Salinas, Gentilz, Mount Rushmore creator Borglum all represented
You don’t often think of San Antonio’s Witte Museum as an art gallery, but the new Robert and Helen Kleberg South Texas Heritage Center, which opens Saturday in the completely reconstructed Pioneer Hall contains some of the most noteworthy paintings of life in south Texas from the 1850s through the 1950s, 1200 WOAI news reports.
Called “Art from a Vivid and Wild Land,” the exhibition contains art work from some of the most noteworthy Texas artists of the last 150 years. They include William Samuel, whose precise still lifes of Main Plaza in the 1850s remain the most endearing portrait of life in San Antonio in the years between the Mexican and Civil Wars, to Gutzon Borglum, who was working in San Antonio when he began the monumental Mount Rushmore sculptures.
“I think this is the Witte as people have never seen us before, but as we have always had the potential to be,” said Amy Fulkerson, the Curator of Collections at the Witte.
The Heritage Center also contains works by the noted Alsatian artist Theodore Gentilz,” who was among the party led by Henri Castro that founded Castroville and who became the first art instructor at St. Mary’s College.
But perhaps the most striking work of art in the Center is a 168 foot long mural which combines nine paintings by the noted Twentieth Century landscape artist Porfirio Salinas, who gained international fame in the 1960s when his works were displayed in the White House by his friends Lyndon and Lady Bird Johnson.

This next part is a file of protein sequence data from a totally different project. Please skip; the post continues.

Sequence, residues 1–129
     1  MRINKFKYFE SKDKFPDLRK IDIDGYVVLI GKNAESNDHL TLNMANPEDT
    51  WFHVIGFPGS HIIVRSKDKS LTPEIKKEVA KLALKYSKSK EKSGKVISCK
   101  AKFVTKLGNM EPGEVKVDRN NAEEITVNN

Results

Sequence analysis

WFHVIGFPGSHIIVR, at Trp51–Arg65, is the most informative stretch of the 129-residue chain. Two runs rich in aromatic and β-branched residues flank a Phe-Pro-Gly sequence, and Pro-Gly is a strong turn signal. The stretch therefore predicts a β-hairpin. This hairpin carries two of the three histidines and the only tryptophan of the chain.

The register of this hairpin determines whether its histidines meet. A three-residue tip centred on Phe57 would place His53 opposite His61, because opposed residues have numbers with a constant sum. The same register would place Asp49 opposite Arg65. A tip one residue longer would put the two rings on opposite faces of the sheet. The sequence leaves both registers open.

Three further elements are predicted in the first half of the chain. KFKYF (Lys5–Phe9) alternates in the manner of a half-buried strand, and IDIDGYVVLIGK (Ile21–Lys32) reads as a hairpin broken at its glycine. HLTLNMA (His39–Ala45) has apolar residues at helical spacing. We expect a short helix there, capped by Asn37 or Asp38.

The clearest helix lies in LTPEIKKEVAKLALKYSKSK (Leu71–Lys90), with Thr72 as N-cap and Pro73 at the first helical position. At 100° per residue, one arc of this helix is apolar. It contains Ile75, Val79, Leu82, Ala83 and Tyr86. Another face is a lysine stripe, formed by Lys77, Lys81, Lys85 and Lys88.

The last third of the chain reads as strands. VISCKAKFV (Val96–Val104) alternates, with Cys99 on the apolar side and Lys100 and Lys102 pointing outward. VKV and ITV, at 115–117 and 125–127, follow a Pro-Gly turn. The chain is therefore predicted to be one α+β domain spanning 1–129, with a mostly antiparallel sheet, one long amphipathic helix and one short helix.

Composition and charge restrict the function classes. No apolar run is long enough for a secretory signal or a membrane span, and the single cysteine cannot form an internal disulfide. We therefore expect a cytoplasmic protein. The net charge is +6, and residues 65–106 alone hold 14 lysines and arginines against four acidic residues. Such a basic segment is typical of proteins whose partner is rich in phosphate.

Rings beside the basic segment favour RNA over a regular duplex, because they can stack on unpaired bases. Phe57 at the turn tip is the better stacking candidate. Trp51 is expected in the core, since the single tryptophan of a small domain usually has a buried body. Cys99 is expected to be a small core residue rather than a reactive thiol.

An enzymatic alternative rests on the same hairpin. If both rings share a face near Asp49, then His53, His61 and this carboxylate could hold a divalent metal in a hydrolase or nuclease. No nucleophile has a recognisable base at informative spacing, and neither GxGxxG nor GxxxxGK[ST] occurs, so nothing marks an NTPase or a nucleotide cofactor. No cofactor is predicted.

Fulkerson says the mural was created by expertly blending the nine paintings into one, which involved precise digital imagery to make sure that the paintings flowed together into one tableau which depicts life in south Texas in the 19th century.
“It actually wraps around the entire gallery space, and you feel you are actually out there in the environment,” she said.
Ironically Salinas learned to draw while drawing at the Witte as a young man.
The art helps visitors who come to the Witte to see the artifacts from the 19th and early 20th century be able to imagine what it was like to use the artifacts in daily life, and see how the items were used at the time.
“We have our cactus flowers, our bluebonnets, and all of those great images, our cowboys are represented, the Missions,” she said.
The Center itself is a work of art. The architects masterfully blended Pioneer Hall, which is designated as an historic structure with its magnificent wood-painted concrete ceiling beams, with the new open new structure, with walls of huge windows looking out to the San Antonio River and Brackenridge Park.
The new South Texas Heritage Center opens to the general public on Saturday.